Even when not intended, the contents of this vaunted column sometimes strays from the informative and inspirational.
Should you make the choice, dear reader, to continue to peruse the well chosen words that follow, you do so at your own risk. Those who fail to heed this clear and precise warning will be subject to stupidity, utter foolishness, a distinct lack of real knowledge and, in all probability, will become somewhat dumber for the experience.
While a few heartless souls may choose to revel at the misconception that I am about to reveal, I'm certain most will display the expected compassion and understanding. Fully armed with the comfort of that knowledge, I find the inner strength to continue my short story.
Kim Fundingsland is a staff writer for The Minot Daily News.
This saga begins a long, long time ago. In television terms that's about the time black and white television sets gave way to color sets that were always too fuzzy, too green or too red. It was also the era of some of the most wonderful television shows ever produced, unmistakable proof that Hollywood-types spent way too much time abusing their gray matter.
Among the hilarious by-products of such behavior was a bevy (I guess that's several) of 30 minute television programs that brought complete stupidity into every household in America. These shows, quite naturally, dominated the ratings. Among the dumbest was "Green Acres" a program that brought us Arnold Ziffel, a pig; numbskull county agent Hank Kimball, delightfully annoying Mr. Haney and the never reliable Hoyt-Clagwell tractor.
For you younger generation readers, this should help you understand a likely source of the weird ways of your elders. Through no fault of our own, we were subject to these types of television programs on a nightly basis. Any carry-over is understandable. We enjoyed the incredibly dopey to the point of jealousness and are more than happy to share a portion of our twisted upbringing with the youth of today. Call it therapy.
Now, back to the steam belching Hoyt-Clagwell which is the real purpose of luring you in to read this nonsense. The Hoyt-Clagwell was owned by leading man Oliver Wendell Douglas. The steel-wheeled beast always broke down after moving only a few feet, but the television exposure brought the previously neglected Hoyt-Clagwell to national prominence. The demand for Hoyt-Clagwells was enormous. Everyone wanted one, whether it was for tilling the back 40 or just driving the kids to school.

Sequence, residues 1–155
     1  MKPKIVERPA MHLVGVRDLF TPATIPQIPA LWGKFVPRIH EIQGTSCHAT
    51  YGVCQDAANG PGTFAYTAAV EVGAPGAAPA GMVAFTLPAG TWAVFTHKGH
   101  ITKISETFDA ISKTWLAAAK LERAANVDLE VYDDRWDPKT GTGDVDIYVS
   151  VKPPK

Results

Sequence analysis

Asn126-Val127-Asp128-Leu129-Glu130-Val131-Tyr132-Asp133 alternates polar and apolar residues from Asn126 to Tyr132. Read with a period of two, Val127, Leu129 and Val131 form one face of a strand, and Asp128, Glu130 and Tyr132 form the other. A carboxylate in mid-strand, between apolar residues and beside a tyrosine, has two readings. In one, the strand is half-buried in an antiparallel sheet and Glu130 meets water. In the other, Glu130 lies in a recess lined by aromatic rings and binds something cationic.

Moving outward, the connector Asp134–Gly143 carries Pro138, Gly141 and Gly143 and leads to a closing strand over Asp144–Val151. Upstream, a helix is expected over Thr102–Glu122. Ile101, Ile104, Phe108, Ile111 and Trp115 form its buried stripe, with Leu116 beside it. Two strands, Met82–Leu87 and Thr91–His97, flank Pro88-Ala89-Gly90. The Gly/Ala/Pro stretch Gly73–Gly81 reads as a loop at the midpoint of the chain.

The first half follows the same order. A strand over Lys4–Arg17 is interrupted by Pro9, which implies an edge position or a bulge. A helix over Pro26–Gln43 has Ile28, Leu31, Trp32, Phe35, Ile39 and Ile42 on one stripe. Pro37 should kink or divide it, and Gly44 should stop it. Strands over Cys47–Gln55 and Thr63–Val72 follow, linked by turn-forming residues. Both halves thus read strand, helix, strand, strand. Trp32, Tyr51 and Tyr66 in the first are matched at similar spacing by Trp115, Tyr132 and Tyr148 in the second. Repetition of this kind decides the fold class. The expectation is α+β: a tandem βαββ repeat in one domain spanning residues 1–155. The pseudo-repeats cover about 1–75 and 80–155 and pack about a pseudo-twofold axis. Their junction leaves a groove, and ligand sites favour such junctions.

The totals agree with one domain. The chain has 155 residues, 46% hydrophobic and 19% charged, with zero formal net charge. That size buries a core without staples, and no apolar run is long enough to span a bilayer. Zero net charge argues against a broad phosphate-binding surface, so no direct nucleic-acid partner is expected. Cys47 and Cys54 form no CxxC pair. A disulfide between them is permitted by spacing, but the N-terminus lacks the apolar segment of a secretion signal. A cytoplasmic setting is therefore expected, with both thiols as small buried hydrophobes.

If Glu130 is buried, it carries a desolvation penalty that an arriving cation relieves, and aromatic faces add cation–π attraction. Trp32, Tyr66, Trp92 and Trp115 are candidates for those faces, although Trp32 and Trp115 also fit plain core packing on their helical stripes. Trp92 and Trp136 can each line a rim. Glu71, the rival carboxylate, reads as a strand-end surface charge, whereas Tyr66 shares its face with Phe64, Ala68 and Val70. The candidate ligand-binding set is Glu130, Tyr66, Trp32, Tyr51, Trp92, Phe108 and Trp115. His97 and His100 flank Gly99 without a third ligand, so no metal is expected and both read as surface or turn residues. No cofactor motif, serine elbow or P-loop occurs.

Years ago, I suspect when a few black and white televisions could still be found in a living room near you, I came across a genuine Hoyt-Clagwell. Oh sure, it was a bit rusty but what a discovery it was! I'm sure you'll understand the necessary precaution of my keeping the precise location of such a classic a secret. I can only say it was "south of Minot."
The wonderful old tractor sat in desolation, rusting away in an old farmstead location only discernible by the telltale trees and lilac bushes. It was a perfect place to let the dogs run a bit. It was during one of these "pit stops" that an unnamed individual approached the tractor and excitedly informed me that it was indeed a rare Hoyt-Clagwell.
That treasured historical piece sat in that old farmyard for years. I often stopped there, letting the dogs run and telling whoever was accompanying me that he was looking at one of the rarest items in all of American history a Hoyt-Clagwell. Then, one spring, the tractor was gone. I reasoned that someone must have paid a small fortune for it, but that it would be restored to its previous glory. Even though I felt good about that, I missed the old tractor.
Recently, after having told the story and pointing out the location to my billionth beleaguered listener, I've learned that there never was any such thing as a Hoyt-Clagwell. I'd been had, and darn good too! The Hoyt-Clagwell was actually well-calculated spoof from the goofball writers at "Green Acres."
As it turns out, Mr. Douglas' Hoyt-Clagwell was actually a Fordson. The Fordson was sort of Edsel of tractors, if that helps.
I'm thinking Arnold the pig already knew that.
I wish I had.